The 1881 census recorded James Cherry aged 31 years at an address in High Street Barrow. He was the son of 58 years old George Cherry (born in Hull) who was listed as a grocer and draper etc. Also resident on the evening of the census were James’ mother Frances and his three sisters. The only directory reference is from 1885 when James was listed at presumably the same High Street address, as a photographer.
Of Barrow on Humber, was known to have produced photographs of the area.
Arthur was a chemist in Barrow on Humber, known to have produced photographs of the area including Barton. His cards are usually marked with the initials A.W. and are mostly from the period 1905-1909.
The Barrow Temperance Society was formed in 1837, and in 1844 opened the purpose-built Temperance Hall. ‘Temperance Hall Lane’ was recorded in the 1851 census (later simply referred to as Temperance Lane in the 1881 census). Temperance Hall stood on the south-east side of the lane but was demolished at some point in the late 19th century. A Victorian house named as ‘Ivy Dene’ now occupies part of the site.
Temperance Lane later became known as North Street (shown as such on the 1908 Ordnance Survey plan), which it remains today.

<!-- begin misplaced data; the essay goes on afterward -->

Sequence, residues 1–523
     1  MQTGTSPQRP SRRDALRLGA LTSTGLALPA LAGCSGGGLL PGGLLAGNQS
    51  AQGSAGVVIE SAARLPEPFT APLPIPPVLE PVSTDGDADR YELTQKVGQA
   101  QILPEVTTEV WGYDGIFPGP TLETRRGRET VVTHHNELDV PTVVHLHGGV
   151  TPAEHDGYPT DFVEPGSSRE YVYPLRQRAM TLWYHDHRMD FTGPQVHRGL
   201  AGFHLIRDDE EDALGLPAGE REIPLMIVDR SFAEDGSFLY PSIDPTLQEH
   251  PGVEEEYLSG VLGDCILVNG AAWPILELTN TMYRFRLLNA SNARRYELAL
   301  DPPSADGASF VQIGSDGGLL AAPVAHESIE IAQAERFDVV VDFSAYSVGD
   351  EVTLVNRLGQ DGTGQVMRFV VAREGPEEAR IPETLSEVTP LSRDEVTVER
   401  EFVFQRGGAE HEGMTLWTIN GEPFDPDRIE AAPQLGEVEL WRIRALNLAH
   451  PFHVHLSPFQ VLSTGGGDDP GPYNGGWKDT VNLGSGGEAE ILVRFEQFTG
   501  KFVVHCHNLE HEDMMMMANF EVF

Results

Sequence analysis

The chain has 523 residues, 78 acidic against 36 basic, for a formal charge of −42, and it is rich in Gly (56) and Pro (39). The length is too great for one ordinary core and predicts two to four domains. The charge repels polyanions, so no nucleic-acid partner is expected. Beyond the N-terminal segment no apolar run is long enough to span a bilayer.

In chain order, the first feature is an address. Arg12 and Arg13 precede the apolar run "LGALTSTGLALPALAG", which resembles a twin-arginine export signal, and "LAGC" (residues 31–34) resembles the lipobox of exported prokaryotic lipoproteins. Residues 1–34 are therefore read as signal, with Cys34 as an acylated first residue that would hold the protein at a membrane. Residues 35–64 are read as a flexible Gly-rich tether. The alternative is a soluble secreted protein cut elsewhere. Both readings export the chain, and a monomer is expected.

Throughout the 19th century local newspapers such as the Stamford Mercury detailed regular annual meetings of the Barrow Temperance Society. On 12 November 1852 that paper noted: -
‘On Tuesday evening the 9th inst., the fifteenth anniversary of the Barrow Temperance Society was celebrated in the Temperance Hall buy a public tea, which was numerously attended, and a public meeting, which was held in the large room capable of holding several hundreds of persons. The Rev. R.B. Machell, Vicar, was in the chair. The meeting was addressed by the Rev. W.H. Flowers, Vicar of Ulceby, and subsequently at considerable length, and in a manner which throughout excited the greatest attention, by Mr. Bormond. Temperance lecturer. After the meeting several persons signed a promise to abstain from all intoxicating liquours.’
Later, on 1 March 1872 a further report noted: -
‘The Barrow Temperance Society celebrated its annual festival on 21st ult. A public tea was provided in the Foresters’-hall, by the Ulceby friends. First, there was performed a temperance play, entitled ‘The Fountain Inn’; next, temperance drama, ‘Husband Taming’; and then a temperance comedy, ‘Father come Home’. All the characters were well sustained. Between the parts several melodies were sung by the company, and songs by the Misses Duffill, West and Burks. The entertainment was much appreciated by the large audience.’
The society ceases to be reported in the newspapers by the late 1880s, with an article in 1886 seemingly the final mention.
In 1839 the Ancient Foresters friendly society met at “Mr Metham’s house, the Red Lion” and by 1850 the Ancient Order of Foresters had 92 members. The success of the society led to the construction of the “Foresters Hall” in High Street in 1864, which still exists although sadly was looking rather neglected the last time I visited the village.
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